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Sunday, August 21, 2011

Introduction to World Market Future

The world’s first stock index futures contract was the Value Line contract,
introduced by the Kansas City Board of Trade on February 24, 1982.
Today, stock index futures and options trade in markets all over the world,
with new contracts launched nearly every year. Table 1 reports launch
dates for thirty nations that introduced stock index futures between 1982
and January, 1998. In addition, plans are underway for exchange-listed
index futures in many other nations, including India, Indonesia, Czech
Republic, Slovakia, Turkey, and others.

As exchange-traded stock index futures and other derivatives become
more pervasive in the world’s financial markets, it is increasingly important
to understand the effect of derivatives trading on the underlying
markets. The previous literature on the effects of stock index futures
trading has focused primarily on developed markets, and it is unclear to
what extent these results are applicable to less-developed markets. Moreover,
the existing research has come to conflicting conclusions regarding
the effect of futures trading on volatility. While some authors have found
that volatility appears to increase with the introduction of futures, others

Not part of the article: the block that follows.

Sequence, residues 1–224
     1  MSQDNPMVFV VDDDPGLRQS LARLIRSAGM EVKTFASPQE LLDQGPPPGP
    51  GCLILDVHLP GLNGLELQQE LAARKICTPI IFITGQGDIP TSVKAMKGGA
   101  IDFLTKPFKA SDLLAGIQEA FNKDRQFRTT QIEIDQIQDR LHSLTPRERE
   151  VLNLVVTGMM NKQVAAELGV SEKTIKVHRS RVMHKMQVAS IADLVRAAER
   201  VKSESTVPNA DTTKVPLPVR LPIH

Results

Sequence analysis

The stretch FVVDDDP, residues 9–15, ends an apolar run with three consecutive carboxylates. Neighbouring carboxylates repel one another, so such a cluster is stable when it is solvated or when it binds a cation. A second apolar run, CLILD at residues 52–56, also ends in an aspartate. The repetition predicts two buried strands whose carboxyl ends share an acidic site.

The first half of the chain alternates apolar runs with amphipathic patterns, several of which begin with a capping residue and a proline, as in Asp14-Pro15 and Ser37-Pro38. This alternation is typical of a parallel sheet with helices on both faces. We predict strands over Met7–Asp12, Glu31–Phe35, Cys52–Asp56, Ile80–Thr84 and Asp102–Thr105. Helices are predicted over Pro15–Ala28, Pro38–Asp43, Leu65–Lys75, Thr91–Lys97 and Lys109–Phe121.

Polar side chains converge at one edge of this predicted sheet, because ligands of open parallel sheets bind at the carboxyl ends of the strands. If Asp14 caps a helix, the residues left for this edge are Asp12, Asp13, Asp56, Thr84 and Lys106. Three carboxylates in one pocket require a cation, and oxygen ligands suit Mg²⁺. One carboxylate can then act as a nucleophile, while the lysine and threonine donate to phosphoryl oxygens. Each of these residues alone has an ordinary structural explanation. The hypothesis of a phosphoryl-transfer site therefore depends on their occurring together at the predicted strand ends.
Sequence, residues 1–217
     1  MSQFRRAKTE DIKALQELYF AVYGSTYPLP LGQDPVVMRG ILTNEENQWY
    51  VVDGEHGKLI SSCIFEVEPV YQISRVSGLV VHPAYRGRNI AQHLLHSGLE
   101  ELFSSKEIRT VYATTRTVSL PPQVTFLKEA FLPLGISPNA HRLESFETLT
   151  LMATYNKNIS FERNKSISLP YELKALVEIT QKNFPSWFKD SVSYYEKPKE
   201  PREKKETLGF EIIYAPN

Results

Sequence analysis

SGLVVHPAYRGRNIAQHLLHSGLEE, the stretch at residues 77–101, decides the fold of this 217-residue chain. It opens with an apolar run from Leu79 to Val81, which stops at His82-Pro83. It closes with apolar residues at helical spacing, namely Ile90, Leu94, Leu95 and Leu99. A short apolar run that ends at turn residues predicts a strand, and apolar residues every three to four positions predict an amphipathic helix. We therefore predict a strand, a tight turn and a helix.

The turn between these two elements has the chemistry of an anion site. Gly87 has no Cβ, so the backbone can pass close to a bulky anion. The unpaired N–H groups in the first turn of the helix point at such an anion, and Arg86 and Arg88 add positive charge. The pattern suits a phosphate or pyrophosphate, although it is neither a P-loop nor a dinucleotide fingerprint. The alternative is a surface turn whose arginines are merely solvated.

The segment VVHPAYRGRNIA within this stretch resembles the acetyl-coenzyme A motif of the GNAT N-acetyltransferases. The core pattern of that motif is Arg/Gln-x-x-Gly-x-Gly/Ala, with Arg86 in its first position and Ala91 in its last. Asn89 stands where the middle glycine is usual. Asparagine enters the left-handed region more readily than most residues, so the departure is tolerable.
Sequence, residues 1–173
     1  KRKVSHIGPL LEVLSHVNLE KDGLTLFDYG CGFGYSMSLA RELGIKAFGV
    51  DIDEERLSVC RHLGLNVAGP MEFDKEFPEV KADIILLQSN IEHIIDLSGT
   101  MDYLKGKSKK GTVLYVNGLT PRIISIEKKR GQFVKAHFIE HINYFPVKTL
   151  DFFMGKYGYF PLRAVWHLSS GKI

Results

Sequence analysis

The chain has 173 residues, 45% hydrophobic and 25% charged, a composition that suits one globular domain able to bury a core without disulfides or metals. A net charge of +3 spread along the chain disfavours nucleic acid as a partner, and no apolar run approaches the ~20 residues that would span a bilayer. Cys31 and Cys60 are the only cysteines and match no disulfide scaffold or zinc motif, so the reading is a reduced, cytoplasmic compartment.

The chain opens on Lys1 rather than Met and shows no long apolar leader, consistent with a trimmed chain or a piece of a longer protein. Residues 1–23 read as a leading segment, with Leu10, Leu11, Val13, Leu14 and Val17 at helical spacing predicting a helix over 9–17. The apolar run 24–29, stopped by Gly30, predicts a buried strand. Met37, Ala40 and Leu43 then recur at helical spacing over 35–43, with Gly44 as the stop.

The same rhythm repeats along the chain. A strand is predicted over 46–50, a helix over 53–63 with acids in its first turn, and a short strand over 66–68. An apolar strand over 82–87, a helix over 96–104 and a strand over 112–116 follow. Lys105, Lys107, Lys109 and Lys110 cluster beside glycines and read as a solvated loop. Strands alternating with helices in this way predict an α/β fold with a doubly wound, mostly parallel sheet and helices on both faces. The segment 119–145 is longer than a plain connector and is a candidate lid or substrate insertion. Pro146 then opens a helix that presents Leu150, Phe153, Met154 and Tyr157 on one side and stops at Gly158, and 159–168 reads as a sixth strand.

have found no significant effect, and still others have found that volatility
In this site, we examine the time series properties of stock indexes
in twenty-five countries in order to investigate the impact of stock index
futures listing and subsequent trading activity on the volatility structure
of the underlying cash market.We examined this issue in two ways. First,
we tested for structural changes at the time of futures listing by comparing
properties of the returns series before and after listing. Second, we
tested whether volatility in the post-listing period is related to futures
market volume and open interest. The results of both tests showed that
futures trading is associated with increased volatility in the United States
and Japan, but this was not the case in virtually every one of the other
twenty-three countries. In some countries, there is no robust, significant
effect, and in many others, futures trading is associated with lower

pointed out by Hodges (1992), Mayhew (1999), and others, most of these
theories predicted that volatility can increase or decrease with the introduction
of futures depending on the underlying assumptions, or depending
on the parameter values used in the models. Due to the large number
of competing theoretical models with overlapping and ambiguous predictions,
we are reluctant to interpret our results as favoring any particular
model. Perhaps futures markets influence cash markets through multiple,
offsetting channels. Perhaps futures play a more-important stabilizing
role in markets that lack alternative stabilization mechanisms.